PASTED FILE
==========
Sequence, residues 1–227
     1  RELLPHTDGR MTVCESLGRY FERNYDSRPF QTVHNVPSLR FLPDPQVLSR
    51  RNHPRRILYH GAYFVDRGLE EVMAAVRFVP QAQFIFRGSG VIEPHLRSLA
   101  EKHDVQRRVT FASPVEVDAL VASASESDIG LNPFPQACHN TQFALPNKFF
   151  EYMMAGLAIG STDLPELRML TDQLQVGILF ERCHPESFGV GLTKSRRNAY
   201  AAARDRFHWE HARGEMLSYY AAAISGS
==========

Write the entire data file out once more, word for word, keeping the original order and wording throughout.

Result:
Sequence, residues 1–227
     1  RELLPHTDGR MTVCESLGRY FERNYDSRPF QTVHNVPSLR FLPDPQVLSR
    51  RNHPRRILYH GAYFVDRGLE EVMAAVRFVP QAQFIFRGSG VIEPHLRSLA
   101  EKHDVQRRVT FASPVEVDAL VASASESDIG LNPFPQACHN TQFALPNKFF
   151  EYMMAGLAIG STDLPELRML TDQLQVGILF ERCHPESFGV GLTKSRRNAY
   201  AAARDRFHWE HARGEMLSYY AAAISGS